Herizons Commentary

Trump Trolls Invade Canada  by Penni Mitchell
Trump Trolls Invade Canada

I started out writing about the U.S. election, and how President--Donald Trump's misogyny factored in to Hillary Clinton’s loss.

But then I came to realize that the U.S. President is something of an easy target for Canadian feminists. Sure, no one oozes patriarchal right-wingdom quite like Trump. But in the days and weeks that followed the U.S. election, it became clear that, for all of Trump’s unbridled aggression and perversity, he isn’t the only guy grabbing women by the pussy. Not by a long shot.

In Canada, misogynistic attacks against female politicians are everywhere. The
same right-wing trolls who shouted “Lock her up” at Trump rallies—in reference to presidential nominee Hillary Clinton’s supposed transgressions—recently turned up in Alberta, where protesters at a rally against NDP Premier Rachel Notley’s support of Canada’s carbon pricing plan shouted, “Lock her up!”

Talk about creepy. In fact, Notley has been the subject of countless online taunts and social media attacks that are sexual and violent in nature. This ugly and accelerated form of verbal abuse has a particularly gendered strain, like the troll who suggested Notley be put in a wood chipper—a not-so-subtle reference to the disposal method preferred by serial killer Robert Pickton.

Notley isn’t the only Alberta female politician to be targeted by misogynists who believe women should butt out of the public domain. Right after the U.S. election, Alberta legislature member Sandra Jansen dropped out
of the race for the leadership of the Alberta Progressive Conservative Party.

The reason?

She’d been relentlessly harassed on social media, on the phone and even at political gatherings by her male opponents. These bullies and harassers--let's call them haters-- lobbed sexually threatening slogans her way because she dared to throw her hat into the ring and take on leading Progressive Conservative Party contender Jason Kenny.

And let’s be clear, politicking fuelled by male rage is not an equal opportunity sport. Male politicians face attacks based on their policies or motives, but they are not routinely threatened with sexual violence, imprisonment and murder.

This isn’t banter to be withstood by women by developing a thicker skin, as was suggested to Hillary Clinton when she was routinely referred to as a castrating bitch. After she crossed the fl oor, Jansen was attacked with thinly veiled threats by opponents who referred to her as “dead meat,” a “traitorous bitch” and a “useless tit.”

Trolls are cowards who hide behind the anonymity of fake Twitter names. More polite sexists criticize what female politicians wear, or say they are too emotional or, in Clinton’s case, not emotional enough.

In crossing the floor, Jansen not only ditched the men who wanted her out of the leadership race but also the party she’d supported for 30 years. Joining Alberta’s woman-led NDP, where 47 percent of the caucus is female, was a better fit, says Jansen, who has liberal views on social policy.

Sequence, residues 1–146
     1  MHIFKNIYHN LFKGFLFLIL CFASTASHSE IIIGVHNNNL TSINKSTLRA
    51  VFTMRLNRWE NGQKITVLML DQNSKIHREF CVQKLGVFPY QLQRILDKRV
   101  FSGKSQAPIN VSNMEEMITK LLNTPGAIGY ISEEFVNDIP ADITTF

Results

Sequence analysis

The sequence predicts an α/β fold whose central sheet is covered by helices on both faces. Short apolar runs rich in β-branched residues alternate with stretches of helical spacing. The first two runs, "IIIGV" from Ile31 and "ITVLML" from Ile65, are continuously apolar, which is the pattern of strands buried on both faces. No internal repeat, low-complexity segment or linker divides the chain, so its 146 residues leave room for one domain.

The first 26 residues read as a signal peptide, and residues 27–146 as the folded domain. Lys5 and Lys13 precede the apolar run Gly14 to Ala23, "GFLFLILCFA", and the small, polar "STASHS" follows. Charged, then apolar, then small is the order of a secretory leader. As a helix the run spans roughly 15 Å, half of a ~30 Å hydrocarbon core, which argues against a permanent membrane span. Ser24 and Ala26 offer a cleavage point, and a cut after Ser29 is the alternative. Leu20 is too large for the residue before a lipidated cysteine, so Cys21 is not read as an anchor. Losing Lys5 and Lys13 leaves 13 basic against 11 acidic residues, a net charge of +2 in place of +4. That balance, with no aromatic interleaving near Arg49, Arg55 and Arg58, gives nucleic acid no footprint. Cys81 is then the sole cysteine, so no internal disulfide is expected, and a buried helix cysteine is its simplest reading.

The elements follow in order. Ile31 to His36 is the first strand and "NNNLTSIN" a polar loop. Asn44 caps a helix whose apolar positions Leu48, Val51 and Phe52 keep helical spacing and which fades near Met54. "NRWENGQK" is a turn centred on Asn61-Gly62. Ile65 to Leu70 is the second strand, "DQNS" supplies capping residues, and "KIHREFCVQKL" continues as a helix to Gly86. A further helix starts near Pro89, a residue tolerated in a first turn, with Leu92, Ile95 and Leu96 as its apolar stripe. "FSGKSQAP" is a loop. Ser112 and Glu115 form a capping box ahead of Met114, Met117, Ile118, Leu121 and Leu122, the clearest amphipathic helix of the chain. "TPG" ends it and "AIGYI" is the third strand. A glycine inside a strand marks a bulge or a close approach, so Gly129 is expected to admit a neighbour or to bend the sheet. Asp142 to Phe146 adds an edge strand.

Because Jansen spoke out these against misogynist threats, many more women in politics have done the same. Former Alberta Wild Rose MLA Kerry Towle went public about the hundreds of brutal, vulgar phone messages she got after she crossed the floor to join the Progressive Conservative Party. Her daughter’s life was threatened. Sexually violent imagery defaced her posters.

“It was a  dangerous time,” she recalled.

Hate politics rely on intimidation, fear and hatred of the other, whether the other is female, brown-skinned or a member of a religious minority. Former Manitoba Liberal leader Rana Bokhari recently spoke about the racist and
sexist attacks she was subjected to in Manitoba’s April election. Bokhari, a woman of colour, was accustomed to patronizing comments and sexual come-ons in the course of her work. But then came the penis photo, aggressive sexual harassment and death threats—death threats because she had the audacity to claim public space as a minority woman.

Bokhari’s concerns weren’t for herself at first, but for her Liberal team. “I have to make sure the team’s OK,” she recalled thinking.

Now, with more women talking about sexual harassment and sexual bullying in politics, she wishes she would have spoken out earlier—and called police. Had she done so, you can bet those same trolls would have claimed that it proves women are too weak for politics.

Now, Ontario Premier Kathleen Wynne has gone public with the violent threats that are part of a misogynistic and homophobic social media world where trolls try to pull her down at every tweet.

However, every female politician who has spoken out about the sexual harassment and threats they experience have bravely shown that women’s voices in denouncing these attacks can trump the sexist trolls.